CINCINNATI, OH - JANUARY 01: Jermaine Gresham #84 of the Cincinnati Bengals runs with the ball and tries to avoid the defensive pressure of Dannell Ellerbe #59 of the Baltimore Ravens during the NFL game at Paul Brown Stadium on January 1, 2012 in Cincinnati, Ohio. (Photo by Andy Lyons/Getty Images)
So much has been made of Bengals tight end Jermaine Gresham this offseason, from Jay Gruden's public statements to NFL-specific analysts talking him down. For example ESPN analyst K.C. Joyner called him one of the league's most overrated. More recently Pro Football Focus writes that Gresham dropped 14 out of 122 "catchable balls" for a league-high drop rate of 11.5 percent, compared to all tight ends over the course of the past three seasons (Gresham has only played two) with at least 100 targets.
Though the drop rates may appear more factual, excluding the emotion to dictate perspective, a majority of the assault on Gresham this offseason isn't his doing. Nor is it really that fair. Along with being integrated into completely separate offensive systems with different offensive coordinators during his first two seasons, Gresham still generated 108 receptions for 1,067 yards receiving and ten touchdowns. That's actually fairly impressive when reflecting historical context on a team that's housed great tight ends.
For example, Dan Ross, who holds the record for most receptions in a Super Bowl (along with Jerry Rice, Deion Branch and Wes Welker), is the only tight end to generate more than 100 receptions in consecutive seasons. Well other than Gresham. Bob Trumpy never reached that milestone, neither did Rodney Holman or Tony McGee. And it's not like these guys had short careers. Holman played 11 seasons with Cincinnati. Before retiring Bob Trumpy spent 10 years in a Bengals uniform. Tony McGee played nine and Ross played six.
Jermaine Gresham's first two seasons compares to the best seasons by the franchise's best tight ends.
|Bob Trumpy||84 ('71-72)||1,474 ('68-69)||12 ('68-69)|
|* Posted 10 touchdowns between 1996-97.|
If we refocus the comparison, taking Gresham's first two seasons and comparing that to the franchise's best tight ends and their first two seasons (first two seasons as a starter in Rodney Holman's case), this is how it looks.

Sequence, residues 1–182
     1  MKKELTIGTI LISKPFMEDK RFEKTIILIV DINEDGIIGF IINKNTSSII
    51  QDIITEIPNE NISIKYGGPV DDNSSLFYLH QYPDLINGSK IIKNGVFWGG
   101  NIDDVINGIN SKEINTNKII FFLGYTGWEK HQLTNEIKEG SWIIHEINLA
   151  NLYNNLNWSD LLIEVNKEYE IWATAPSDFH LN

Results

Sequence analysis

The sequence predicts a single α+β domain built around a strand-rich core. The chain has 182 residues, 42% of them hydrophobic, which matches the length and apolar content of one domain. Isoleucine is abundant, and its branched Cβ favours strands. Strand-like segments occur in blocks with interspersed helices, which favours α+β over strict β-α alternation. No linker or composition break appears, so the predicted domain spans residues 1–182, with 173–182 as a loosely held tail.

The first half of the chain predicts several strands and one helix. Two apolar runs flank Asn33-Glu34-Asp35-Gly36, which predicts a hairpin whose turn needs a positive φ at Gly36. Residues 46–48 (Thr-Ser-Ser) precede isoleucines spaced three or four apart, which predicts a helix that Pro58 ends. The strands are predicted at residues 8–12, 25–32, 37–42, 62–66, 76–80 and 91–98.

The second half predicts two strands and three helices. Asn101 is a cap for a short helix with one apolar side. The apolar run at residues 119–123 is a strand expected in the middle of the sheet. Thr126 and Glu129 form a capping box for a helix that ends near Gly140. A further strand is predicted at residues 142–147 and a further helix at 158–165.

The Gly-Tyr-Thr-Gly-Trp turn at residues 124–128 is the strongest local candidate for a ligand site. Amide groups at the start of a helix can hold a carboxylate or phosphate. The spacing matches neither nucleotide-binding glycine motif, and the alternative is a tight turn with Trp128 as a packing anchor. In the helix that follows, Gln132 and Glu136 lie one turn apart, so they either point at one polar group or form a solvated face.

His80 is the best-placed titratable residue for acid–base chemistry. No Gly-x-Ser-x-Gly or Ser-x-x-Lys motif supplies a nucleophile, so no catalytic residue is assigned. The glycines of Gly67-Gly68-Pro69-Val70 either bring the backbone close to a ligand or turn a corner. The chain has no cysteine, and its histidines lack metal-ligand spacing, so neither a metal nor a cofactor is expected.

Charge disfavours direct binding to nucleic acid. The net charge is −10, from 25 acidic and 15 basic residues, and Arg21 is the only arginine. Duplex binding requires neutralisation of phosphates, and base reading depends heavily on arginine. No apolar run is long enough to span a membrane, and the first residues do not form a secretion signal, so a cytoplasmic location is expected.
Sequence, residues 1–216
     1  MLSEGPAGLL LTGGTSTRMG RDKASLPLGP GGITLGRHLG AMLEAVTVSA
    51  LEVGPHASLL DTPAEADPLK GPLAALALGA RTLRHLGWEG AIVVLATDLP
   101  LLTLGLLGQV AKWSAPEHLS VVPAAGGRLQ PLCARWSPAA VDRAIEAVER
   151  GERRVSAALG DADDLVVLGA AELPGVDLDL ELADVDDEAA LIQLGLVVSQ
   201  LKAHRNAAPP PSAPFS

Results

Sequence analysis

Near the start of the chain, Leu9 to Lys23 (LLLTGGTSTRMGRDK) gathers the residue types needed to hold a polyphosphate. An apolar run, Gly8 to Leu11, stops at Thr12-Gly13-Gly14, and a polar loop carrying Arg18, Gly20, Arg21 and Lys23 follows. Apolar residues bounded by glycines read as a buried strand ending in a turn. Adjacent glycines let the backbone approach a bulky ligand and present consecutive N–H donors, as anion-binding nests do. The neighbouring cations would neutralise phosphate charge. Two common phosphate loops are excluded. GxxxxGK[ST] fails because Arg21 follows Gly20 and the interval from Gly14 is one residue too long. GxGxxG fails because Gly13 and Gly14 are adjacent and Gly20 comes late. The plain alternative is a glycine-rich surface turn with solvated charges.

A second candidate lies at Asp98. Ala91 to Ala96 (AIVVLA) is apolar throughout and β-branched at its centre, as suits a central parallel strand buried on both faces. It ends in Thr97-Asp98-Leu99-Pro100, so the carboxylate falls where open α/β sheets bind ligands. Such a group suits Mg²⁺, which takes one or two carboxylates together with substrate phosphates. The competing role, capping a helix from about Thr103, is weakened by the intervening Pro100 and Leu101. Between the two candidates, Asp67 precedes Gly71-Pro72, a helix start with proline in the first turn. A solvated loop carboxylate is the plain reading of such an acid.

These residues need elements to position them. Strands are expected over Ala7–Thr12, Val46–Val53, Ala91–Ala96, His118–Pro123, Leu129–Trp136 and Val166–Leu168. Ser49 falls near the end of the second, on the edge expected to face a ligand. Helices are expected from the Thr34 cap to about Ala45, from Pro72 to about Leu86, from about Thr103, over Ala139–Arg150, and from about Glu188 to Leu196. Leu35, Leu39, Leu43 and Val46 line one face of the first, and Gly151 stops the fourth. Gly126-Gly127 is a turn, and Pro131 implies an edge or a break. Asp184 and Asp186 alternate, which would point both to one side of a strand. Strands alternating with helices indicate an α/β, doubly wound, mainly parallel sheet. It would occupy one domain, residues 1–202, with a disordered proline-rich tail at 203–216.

|* We picked the first two seasons that Holman became a starter, rather than his first two seasons (which only amounted to five receptions and 32 yards receiving.|
There are an inordinate amount of expectations on Gresham. Largely unfair, considering his athleticism is forcing comparisons to some of the league's best tight ends who are currently installed on more efficient, productive and stable offenses. Seriously. Jimmy Graham has Drew Brees. Rob Gronkowski has Tom Brady. Gresham had Carson Palmer (who was infatuated with Terrell Owens) and Andy Dalton (who is infatuated with A.J. Green).
But this is a different game. There's more passing today.
Let's take a look at that. During his first two seasons in the NFL from 2010 and 2011, the Cincinnati Bengals averaged 562.5 pass attempts per season. Holman's best seasons (from '89-90), Cincinnati's offense averaged 469 passes per season (majority of the time while protecting a lead). McGee's best seasons ('94-95), Cincinnati's offense averaged 564 passes per game (majority of the time while trying to recover from an early deficit). Dan Ross' best season (1980-81) sported an offense that averaged 530 passes per game. The largest differential really rests with Bob Trumpy, who generated 74 receptions during his first two seasons on an offense that only averaged 310.5 passes per season (in 28 games).
Say what you will about Gresham, drawing upon forced expectations that were probably a little premature. But if he keeps going like he is, Gresham will have a place among the great tight ends in Bengals history. And in reality, he will only get better.